I can’t figure why Tyson was even mentioned, except they are riding on Wal-Mart’s coattail on this because they are just a drop in the bucket when it comes to trucks. They process a lot of chickens, but chickens don’t count in HOS. Wal-Mart cried they would have to buy more trucks and hire more drivers. So what’s wrong with that? Wal-Mart should step up to the plate and quit being a crybaby, or I’ll start shopping at Target.

Woody Hill
Dallas, TX

Deregulation started our downhill slide
You have a great organization and a fine publication. I read my Land Line from cover to cover.

I am an old timer for sure. So, I can remember when things were a lot better in the trucking industry. My opinions are shared with many other older drivers. The deregulation of the ICC was the real turn that started the downhill slide of the trucking industry. Now what do we have?

Oh yes, Swift, Hunt, England, Covenant, Prime, etc., etc. They haul cheap and only want a body in the seat to turn the steering wheel. It is a disgrace to a once-great industry.

Then comes NAFTA, which deregulated the interstate authority and things have gotten worse ever since. Deregulation is not working in the trucking industry. The freight rates never get better; the costs of operation got higher.

Lael E. Sikes
Royal City, WA

‘They would pass a gold brick’
It is time for the American trucker to get behind the drivers from Swift Transportation in their lawsuit.

We, the American truckers, have been getting screwed out of so much money by the companies in this country. The companies get their money for hauling freight from point A to point B; they get paid for every mile. Why do we, the American truckers, take it in the shorts?

We haul the freight, but the miles are always short. But we pay for fuel tax to haul it there. What would a company do if we drive the miles and stop short the 10 percent or 15 percent of miles we don’t get paid for? They would pass a gold brick and it would hit the fan. So it is time to say we want to be paid for the miles it takes to deliver the freight to and from and stop taking it in the shorts.

Marion Miller
Clinton, IN

If you won’t stop to go, at least put the bottle in the trash
It’s been done to death, however there still seem to be many rocket scientists out there causing this same problem and probably wondering why the general public has such a poor opinion of drivers. Well, take a look at these pictures. (The writer sent a photo of a gallon plastic jug in a truck stop parking lot. The jug was filled with a yellowish liquid.) They speak for themselves.

I saw the driver put the bottle in the parking lot. Mr. Big Fancy Big Belt Buckle Peterbilt then went inside the truck stop, walking right by the trash cans on fuel island. That lazy bum could have disposed of it.

Carl Lowe
Forest Hill, MD

Association had all the answers
I was introduced to OOIDA at MATS 2003. My boyfriend and I, with a love for trucking, were shopping for a truck and a company to lease it to. Preoccupied with the reason we were there, I found myself bumping into your members with fliers and bumper stickers that said “Run Compliant.” “Trouble makers” was my first thought. So I took the fliers and stuffed them into the bags of information I acquired over those three days. On the last day, we stumbled into the OOIDA trailer. Owner-operators in it were stuffing my bags with more info, and bragging on the benefits and what it meant to be a member.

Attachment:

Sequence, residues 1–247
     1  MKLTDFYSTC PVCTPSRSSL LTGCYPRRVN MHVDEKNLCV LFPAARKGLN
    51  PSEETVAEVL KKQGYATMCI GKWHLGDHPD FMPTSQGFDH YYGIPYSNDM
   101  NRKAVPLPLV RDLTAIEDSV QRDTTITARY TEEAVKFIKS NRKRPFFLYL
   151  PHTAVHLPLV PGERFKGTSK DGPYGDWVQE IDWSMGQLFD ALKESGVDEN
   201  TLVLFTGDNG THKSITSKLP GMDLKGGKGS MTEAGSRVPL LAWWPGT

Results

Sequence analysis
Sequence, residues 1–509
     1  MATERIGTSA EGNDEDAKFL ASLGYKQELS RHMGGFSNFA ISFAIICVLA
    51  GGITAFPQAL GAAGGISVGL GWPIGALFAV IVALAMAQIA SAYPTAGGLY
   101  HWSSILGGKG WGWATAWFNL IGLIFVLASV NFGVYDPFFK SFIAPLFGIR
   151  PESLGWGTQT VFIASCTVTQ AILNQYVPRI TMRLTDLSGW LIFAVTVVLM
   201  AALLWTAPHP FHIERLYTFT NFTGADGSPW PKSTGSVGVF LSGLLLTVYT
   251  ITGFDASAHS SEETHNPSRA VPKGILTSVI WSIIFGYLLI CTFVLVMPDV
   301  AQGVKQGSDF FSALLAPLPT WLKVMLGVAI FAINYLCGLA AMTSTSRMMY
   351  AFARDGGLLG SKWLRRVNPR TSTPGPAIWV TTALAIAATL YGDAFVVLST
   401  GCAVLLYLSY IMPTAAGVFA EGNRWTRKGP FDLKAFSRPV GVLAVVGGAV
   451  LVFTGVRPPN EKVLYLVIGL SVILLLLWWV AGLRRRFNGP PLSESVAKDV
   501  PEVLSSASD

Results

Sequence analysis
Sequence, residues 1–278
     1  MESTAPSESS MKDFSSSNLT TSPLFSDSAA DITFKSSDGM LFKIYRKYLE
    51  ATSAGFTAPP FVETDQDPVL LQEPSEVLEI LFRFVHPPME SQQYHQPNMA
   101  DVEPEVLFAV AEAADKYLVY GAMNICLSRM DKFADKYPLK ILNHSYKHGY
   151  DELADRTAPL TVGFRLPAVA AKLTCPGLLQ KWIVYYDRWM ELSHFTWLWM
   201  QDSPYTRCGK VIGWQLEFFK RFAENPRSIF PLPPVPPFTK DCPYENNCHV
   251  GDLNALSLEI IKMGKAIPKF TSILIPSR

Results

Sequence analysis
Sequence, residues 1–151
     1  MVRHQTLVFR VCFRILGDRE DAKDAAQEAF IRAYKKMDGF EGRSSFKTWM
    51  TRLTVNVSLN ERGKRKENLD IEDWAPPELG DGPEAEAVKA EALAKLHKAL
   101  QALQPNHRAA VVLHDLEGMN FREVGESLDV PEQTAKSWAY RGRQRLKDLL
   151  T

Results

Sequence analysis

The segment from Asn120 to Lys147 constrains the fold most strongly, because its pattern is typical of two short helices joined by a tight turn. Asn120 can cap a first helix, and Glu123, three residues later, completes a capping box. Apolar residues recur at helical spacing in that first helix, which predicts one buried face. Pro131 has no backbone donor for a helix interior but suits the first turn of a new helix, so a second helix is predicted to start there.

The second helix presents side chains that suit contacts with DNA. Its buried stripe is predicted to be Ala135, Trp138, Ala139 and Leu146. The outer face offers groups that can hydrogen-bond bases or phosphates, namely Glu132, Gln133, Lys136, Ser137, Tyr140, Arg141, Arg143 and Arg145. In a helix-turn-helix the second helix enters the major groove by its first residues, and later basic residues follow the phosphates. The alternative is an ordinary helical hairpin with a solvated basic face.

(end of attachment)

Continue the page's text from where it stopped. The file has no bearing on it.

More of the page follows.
Well, with the show over and piles of information sorted all over my desk, floor and even the bed, I began the journey of divide and conquer. It being the first time at running a business, buying a big truck and leasing agreements, my head was swirling. Standing with my face in my hands, shaking my head, I thought “Is it worth it?”

Then I picked up the OOIDA bag of goodies and pulled out a number. I made the call. On the line was a friendly voice ready to help. Her first question was “what is your membership number?” I explained that I had yet to sign on. She was still ready with numbers to call and the information I needed. She signed me up for a subscription to the magazine for free. Land Line Magazine is my second Bible.

So to make a long story even longer – this year at MATS 2004 we signed on. I am a very politically opinionated person, and I am very happy to have found a voice in OOIDA. Anxious to become involved, I signed up for “calls to action” and stand ready to call, write or visit any politician that needs a good talking to. I display my OOIDA member stickers proudly on the sides of our truck and (as those members in the trailer that day did) will encourage others to do so too.

Vicki Ledford
Toledo, OH

Full-pallet shipping will never happen
I am writing in response to all the truckers and dockworkers and Gary Guraya’s letter on Page 16 of the May 2004 Land Line Magazine. I wanted to give drivers my 2 cents in regard to “why don’t distributors order by pallet count only?” I have heard this discussion many times. I was the district sales manager for Gabriel Shock Absorbers for all the New England states. I also owned two auto parts stores, a machine shop and used car lot, all at once. Maybe this will help others understand distribution.

I wrote millions of dollars of parts orders, all shipped by truck, from manufacturers to distributors. Everyone in the business, from manufactures to distributors to store managers, including truckers and dock workers, (and salesman) would love to handle all merchandise by the full pallet.